Multiple Myeloma an incurable disease, but I have spent the last 25 years in remission using a blend of conventional oncology and evidence-based nutrition, supplementation, and lifestyle therapies from peer-reviewed studies that your oncologist probably hasn't told you about.
Click the orange button to the right to learn more about what you can start doing today.
A blood clot (DVT) can be either a symptom of MM, or a serious side effect of chemotherapy. MM chemotherapies such as thalidomide and revlimid can cause thrombosis/blood clots in MMers as well. The bottom line is that MMers are at a real risk of blood clots. So what’s a MMer to do?
I’m not an oncologist. I’m just a MM survivor who developed two blood clots at different times, one in each leg. My oncologist prescribed warfarin and heparin. But those therapies didn’t really work. And they each come with side effects and health risks themselves.
My point is that conventional oncology, according to my experience and the two articles linked and excerpted below, doesn’t really understand DVT’s aka blood clot as a symptom of MM, at least when it comes to managing multiple myeloma long-term.
I understand that self-diagnosis and treatment comes with risks. But I tried conventional oncology and came away with problems that, in my mind, weren’t any better than that where I started. I now live with post-thrombotic syndrome. My only treatment option now is surgery. No thank you. The cure was every bit as bad as the disease.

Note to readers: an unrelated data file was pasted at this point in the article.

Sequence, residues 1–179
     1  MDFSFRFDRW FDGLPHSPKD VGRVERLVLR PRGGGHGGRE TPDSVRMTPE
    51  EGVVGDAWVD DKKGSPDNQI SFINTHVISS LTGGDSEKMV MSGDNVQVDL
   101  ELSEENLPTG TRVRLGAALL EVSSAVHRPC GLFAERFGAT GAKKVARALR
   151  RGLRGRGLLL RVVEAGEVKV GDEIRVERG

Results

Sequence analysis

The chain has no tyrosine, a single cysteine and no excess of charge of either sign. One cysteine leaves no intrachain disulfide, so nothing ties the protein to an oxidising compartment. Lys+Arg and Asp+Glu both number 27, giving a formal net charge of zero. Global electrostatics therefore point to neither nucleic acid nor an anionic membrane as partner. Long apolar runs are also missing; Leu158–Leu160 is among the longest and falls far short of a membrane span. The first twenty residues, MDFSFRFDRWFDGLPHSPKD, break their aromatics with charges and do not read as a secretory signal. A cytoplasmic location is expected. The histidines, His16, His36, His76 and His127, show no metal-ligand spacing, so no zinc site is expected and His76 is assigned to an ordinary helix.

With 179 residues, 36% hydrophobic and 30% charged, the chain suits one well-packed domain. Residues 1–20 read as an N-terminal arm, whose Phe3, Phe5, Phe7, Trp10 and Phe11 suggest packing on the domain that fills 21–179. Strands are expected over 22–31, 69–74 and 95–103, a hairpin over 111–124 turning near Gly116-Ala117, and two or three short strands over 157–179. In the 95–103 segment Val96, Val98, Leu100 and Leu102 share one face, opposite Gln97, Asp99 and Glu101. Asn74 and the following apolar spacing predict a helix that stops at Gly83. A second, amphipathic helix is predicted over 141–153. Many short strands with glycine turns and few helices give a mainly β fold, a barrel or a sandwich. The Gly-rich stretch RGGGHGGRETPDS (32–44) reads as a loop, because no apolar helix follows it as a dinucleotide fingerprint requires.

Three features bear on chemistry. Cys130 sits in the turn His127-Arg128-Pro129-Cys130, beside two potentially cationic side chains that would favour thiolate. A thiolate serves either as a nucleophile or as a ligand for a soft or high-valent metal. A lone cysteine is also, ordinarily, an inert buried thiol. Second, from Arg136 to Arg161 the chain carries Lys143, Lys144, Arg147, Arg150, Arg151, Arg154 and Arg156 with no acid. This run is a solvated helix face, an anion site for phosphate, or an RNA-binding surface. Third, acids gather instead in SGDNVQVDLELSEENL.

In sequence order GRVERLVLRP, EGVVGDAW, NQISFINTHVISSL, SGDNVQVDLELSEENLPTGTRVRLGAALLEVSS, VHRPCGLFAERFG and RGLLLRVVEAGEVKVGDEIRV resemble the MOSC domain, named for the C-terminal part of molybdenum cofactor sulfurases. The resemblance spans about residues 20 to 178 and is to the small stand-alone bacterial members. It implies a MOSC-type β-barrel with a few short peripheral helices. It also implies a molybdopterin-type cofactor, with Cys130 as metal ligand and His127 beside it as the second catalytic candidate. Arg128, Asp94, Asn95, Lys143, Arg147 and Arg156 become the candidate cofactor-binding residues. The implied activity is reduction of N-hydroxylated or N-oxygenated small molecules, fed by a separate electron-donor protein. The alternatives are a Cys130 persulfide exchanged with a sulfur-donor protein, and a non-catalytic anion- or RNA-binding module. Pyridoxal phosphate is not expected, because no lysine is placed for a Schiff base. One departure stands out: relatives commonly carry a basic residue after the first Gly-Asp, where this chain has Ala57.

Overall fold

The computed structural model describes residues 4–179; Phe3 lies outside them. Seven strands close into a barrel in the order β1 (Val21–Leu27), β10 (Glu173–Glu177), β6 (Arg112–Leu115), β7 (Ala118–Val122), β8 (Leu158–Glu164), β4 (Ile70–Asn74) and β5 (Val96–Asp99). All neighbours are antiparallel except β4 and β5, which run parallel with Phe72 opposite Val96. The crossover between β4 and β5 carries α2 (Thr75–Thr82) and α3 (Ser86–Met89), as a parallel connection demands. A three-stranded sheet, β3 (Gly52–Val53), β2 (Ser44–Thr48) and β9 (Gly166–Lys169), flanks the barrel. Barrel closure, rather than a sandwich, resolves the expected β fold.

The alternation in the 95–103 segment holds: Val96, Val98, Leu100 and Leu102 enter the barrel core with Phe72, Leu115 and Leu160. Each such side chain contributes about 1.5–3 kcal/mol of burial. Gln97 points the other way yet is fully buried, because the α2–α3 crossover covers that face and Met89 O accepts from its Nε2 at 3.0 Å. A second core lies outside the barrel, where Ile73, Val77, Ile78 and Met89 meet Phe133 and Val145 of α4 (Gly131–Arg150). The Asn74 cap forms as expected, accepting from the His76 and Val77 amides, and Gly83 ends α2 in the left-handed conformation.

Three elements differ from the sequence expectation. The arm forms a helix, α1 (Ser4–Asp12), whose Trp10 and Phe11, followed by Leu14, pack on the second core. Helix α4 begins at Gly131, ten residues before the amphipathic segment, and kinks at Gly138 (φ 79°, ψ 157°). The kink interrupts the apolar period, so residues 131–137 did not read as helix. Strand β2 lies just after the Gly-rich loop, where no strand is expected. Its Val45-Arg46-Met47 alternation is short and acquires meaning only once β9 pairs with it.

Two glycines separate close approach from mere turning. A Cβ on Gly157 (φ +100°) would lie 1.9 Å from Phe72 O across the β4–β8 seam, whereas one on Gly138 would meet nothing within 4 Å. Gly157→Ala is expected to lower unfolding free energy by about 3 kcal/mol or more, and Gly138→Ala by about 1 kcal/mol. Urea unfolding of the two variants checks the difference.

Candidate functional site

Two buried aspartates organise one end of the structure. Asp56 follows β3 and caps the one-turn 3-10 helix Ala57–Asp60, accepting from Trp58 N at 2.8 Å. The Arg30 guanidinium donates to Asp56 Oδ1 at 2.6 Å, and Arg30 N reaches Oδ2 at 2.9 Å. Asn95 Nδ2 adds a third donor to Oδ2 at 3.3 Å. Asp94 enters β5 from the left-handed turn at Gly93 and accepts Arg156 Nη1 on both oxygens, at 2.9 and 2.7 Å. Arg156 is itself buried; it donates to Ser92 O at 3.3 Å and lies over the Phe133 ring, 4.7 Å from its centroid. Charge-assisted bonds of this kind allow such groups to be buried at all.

Enzymes, nattokinase, omega-3 fatty acids, diet, exercise and other therapies have managed my blood clots as well as atrial fibrillation (a side effect of cardio-toxic chemotherapy) since my original blood clots in ’95-’97.
Do you have multiple myeloma? Do you have a DVT, blood clot? To learn more about evidence-based, non-toxic blood clot therapies scroll down the page, post a question or comment and I will reply to you ASAP.
Let’s start at the beginning. Individuals with cancer are at risk of developing blood clots, but prevention requires the use of blood-thinning medications, which themselves carry substantial risk. Physicians and patients are not always great at balancing risks and benefits, so it would really help if we had strong data to guide us…
Nevertheless, it was the hope of the CASSINI and AVERT trials to target individuals with a high risk for blood clot based on the validated Khorana score, which takes into account the type of cancer and a variety of lab parameters, in order that the overall effect would be compelling enough to lead us to a new standard of care…
So, what did they find? Nothing to settle the debate, I’m afraid. CASSINI randomized 841 patients to rivaroxaban (Xarelto) 10 mg daily…
The rate of blood clot was 8.8% in the placebo group and 6% in the intervention group, a nonsignificant reduction with a number needed to treat of 36. AVERT randomized 563 patients to apixaban (Eliquis) 2.5 mg twice daily. The rate of blood clot was 10.2% in the placebo group and 4.2% in the intervention group, a number needed to treat of 17.
It may seem that apixaban won this contest, but remember that these are two separate trials, not a head-to-head comparison…
But don’t go rushing to the prescription pad yet. The overall death rate was 12.2% in the apixaban group compared with 9.8% in the control group.
That’s right: fewer clots, more deaths. Not great…
Until we move to a smarter type of clinical trial enrichment, we’re going to remain frustrated at how hard it is to figure out just who is a good candidate for a risky therapy. Those at highest risk, counterintuitively, may be exactly the wrong ones to target.”
“Multiple myeloma (MM) has an inherent high risk of thromboembolic events associated with patient as well as disease- and treatment-related factors…